In an era when millions “keep up” with the Kardashians, it’s easy to see tabloid culture as a modern phenomenon, an ill effect of our 24-hour news cycle and social media that puts every tweet and Facebook update at our fingertips. But one need only look to the Lindbergh baby, Bonnie and Clyde, and countless others to see the nation’s fascination with celebrity and scandal is nothing new. I was recently reminded of this truism while digitizing some materials from the Bergdoll family papers [MSS021], a collection that perfectly captures how the salacious story of one individual can take hold in the popular imagination and dominate the national psyche.
When I first started corresponding with a Bergdoll descendant about digitizing her family’s papers, the name “Bergdoll” wasn’t familiar to me. But as I soon realized, had I lived in Philadelphia at the turn of the twentieth century, the Bergdolls were inescapable. In the heady days before World War I, the sons and daughter of the prominent Philadelphia German family who operated Bergdoll and Sons Brewing Company dominated headlines in and around Philadelphia. From racing cars around Fairmount Park to building a roller coaster at their Brewerytown estate, the five children of Louis Bergdoll, Jr. and Emma Barth Bergdoll were constant fodder for the press and provided a rapt public with snapshots of the alluring lives of Philadelphia’s privileged class.
Of all the Bergdoll family’s adventures and exploits, none attracted public fascination quite like those of the youngest son, Grover Cleveland Bergdoll. Known as “the playboy of the Eastern Seaboard,” Grover was both an aviation and racing enthusiast whose numerous traffic violations raised a public outcry against issuing him a driver’s license in 1912. But it wasn’t until World War I that Grover’s exploits attracted national attention and infamy when, after registering for military service, Grover and his brother Erwin failed to show up for physical examinations when they were drafted in 1917. Grover fled across the United States and, for the next two years, taunted authorities with postcards sent from each new hideout.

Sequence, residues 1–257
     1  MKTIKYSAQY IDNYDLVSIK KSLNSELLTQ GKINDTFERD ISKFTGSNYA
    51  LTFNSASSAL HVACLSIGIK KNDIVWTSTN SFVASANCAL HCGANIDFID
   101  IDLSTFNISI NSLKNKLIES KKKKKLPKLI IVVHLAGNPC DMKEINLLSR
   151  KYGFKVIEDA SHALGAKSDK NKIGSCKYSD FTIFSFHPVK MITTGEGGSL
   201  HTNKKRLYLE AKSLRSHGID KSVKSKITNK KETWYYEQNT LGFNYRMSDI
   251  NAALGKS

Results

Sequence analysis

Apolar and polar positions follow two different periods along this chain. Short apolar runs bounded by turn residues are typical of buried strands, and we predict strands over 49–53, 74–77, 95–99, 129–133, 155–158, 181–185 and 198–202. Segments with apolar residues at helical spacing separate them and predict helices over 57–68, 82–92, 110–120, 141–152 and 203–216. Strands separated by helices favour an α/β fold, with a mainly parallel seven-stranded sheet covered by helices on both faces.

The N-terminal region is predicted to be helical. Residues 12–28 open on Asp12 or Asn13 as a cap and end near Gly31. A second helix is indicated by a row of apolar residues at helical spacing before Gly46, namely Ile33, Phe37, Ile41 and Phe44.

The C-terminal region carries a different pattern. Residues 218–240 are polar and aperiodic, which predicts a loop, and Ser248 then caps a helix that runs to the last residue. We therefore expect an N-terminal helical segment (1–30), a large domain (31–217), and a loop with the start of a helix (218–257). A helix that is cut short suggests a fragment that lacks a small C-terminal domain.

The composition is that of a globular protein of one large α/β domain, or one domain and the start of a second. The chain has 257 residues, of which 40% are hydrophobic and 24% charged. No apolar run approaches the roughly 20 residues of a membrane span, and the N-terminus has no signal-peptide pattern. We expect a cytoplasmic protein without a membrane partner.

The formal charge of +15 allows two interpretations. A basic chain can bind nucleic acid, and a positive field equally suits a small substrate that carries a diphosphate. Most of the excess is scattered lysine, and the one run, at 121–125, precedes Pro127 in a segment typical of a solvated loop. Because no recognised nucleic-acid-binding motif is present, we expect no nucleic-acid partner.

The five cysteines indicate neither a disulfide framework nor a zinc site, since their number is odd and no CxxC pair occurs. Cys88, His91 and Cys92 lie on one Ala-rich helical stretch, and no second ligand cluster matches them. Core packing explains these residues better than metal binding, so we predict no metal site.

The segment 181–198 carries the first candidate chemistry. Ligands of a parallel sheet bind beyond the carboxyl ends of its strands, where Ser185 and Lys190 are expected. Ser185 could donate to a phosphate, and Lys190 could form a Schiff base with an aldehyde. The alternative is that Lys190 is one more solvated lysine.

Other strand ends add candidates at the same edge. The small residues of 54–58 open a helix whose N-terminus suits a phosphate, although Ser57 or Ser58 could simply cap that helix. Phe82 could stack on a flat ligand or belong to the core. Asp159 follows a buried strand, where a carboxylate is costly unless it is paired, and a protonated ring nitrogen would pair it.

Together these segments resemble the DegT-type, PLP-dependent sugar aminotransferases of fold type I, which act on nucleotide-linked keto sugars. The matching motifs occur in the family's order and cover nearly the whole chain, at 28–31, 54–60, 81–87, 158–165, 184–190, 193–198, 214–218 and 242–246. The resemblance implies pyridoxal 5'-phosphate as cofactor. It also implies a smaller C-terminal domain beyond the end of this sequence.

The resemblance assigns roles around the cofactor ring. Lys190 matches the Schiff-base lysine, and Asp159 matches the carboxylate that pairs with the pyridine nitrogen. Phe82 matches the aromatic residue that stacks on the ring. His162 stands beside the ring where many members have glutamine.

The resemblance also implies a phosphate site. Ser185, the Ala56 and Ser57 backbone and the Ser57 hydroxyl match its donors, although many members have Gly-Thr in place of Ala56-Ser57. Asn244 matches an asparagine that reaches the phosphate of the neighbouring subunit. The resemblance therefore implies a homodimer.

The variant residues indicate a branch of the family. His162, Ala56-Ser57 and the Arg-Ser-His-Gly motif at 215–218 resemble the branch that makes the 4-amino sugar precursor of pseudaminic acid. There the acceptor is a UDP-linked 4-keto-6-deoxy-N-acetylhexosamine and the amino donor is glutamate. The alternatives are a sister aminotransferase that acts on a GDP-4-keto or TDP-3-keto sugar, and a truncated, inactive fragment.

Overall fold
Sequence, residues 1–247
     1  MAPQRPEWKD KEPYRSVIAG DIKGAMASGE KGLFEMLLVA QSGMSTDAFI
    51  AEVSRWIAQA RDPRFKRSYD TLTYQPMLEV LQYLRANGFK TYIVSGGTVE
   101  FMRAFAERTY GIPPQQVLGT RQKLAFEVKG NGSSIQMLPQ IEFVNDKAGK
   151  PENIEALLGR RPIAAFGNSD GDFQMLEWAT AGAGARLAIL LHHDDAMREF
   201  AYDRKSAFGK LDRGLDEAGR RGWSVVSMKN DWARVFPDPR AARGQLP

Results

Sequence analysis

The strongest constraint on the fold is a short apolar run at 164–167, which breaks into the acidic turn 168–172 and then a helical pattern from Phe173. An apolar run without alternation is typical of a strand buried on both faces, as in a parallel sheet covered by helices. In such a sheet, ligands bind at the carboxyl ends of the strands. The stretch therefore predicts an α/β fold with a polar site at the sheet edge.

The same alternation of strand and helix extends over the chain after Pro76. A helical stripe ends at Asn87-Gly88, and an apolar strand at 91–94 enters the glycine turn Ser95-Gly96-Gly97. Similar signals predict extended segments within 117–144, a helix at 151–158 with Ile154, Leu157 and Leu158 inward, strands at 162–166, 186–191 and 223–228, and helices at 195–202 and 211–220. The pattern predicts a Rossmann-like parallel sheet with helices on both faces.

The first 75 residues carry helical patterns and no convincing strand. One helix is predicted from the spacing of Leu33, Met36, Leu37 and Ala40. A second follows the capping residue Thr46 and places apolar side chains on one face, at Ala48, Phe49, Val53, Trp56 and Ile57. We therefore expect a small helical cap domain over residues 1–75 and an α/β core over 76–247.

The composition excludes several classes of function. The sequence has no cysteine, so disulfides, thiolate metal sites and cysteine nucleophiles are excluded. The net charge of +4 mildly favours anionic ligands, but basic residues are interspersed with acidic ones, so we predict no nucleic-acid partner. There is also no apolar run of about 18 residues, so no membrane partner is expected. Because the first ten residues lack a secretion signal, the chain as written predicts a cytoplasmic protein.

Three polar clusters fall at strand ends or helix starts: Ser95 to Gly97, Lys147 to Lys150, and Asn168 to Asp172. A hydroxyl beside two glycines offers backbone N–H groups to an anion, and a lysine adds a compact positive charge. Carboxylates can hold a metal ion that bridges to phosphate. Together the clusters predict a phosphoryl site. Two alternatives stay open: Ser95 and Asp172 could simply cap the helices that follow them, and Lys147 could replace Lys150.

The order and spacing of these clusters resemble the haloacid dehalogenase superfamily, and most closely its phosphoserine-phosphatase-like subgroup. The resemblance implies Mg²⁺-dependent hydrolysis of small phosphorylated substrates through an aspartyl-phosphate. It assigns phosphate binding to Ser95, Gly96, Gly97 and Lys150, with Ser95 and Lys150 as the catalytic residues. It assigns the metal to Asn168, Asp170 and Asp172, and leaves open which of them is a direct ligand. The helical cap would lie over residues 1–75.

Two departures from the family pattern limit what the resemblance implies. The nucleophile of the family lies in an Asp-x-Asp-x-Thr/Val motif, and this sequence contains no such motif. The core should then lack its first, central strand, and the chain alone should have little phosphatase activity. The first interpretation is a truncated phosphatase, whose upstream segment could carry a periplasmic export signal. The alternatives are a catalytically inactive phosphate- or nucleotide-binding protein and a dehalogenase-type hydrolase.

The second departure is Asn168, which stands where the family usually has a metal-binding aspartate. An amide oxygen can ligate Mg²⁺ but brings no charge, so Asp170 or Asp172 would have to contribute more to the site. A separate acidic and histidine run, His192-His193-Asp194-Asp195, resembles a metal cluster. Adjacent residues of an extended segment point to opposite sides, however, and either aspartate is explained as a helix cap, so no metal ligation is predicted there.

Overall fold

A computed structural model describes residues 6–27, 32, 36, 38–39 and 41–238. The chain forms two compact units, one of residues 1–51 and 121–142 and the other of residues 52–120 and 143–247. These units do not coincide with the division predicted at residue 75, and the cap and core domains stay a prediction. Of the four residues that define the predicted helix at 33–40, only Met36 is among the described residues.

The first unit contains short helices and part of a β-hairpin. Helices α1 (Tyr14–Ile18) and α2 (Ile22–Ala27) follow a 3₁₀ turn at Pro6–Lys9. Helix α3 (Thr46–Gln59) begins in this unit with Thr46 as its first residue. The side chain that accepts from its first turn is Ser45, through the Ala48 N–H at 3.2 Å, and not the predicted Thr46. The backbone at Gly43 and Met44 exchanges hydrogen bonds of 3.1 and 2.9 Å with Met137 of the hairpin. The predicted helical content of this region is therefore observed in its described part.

The case of the errant Grover Clevand Bergdoll captured the public imagination and inspired rumors about his German sympathies and offers to serve as an aviator for the Fatherland. The so-called “Philadelphia slacker” was finally apprehended in 1920 and sentenced to five years at Governors Island, but escaped imprisonment a short time later and fled to Germany. For the next two decades, Grover’s exploits continued to provoke national ire and captivate the public consciousness to the extent that even President Warren Harding commented on the case and personally ordered the seizure of the Bergdoll family's assets. Throughout the 1920s and 30s, details of Grover's life in Germany dominated the headlines, as did the ongoing efforts of kidnapping vigilantes determined to return him to the U.S. In 1939, on the eve of World War II, Grover finally came home to face trial and was eventually imprisoned at Leavenworth federal penitentiary until 1944.
As interesting as Grover’s tale is in its own right, the public fascination and anger with his draft evasion adds another intriguing layer to the story. Whether due to his wealth, ancestry, showman’s flair (or some combination of all three), Grover Cleveland Bergdoll struck a chord in such way that made him a national celebrity. Looking through the Bergdoll family papers, this phenomenon is most evident in the family scrapbooks and clippings that make up the bulk of the collection and dutifully chronicle a sense of public rapture and outrage with many modern-day parallels. Now available for view in our digital library, these scrapbooks and the mania to which they attest evoke Alger Hiss, O.J. Simpson, and countless others who became notorious by virtue of a love of gossip and scandal that endures, even if the medium has changed.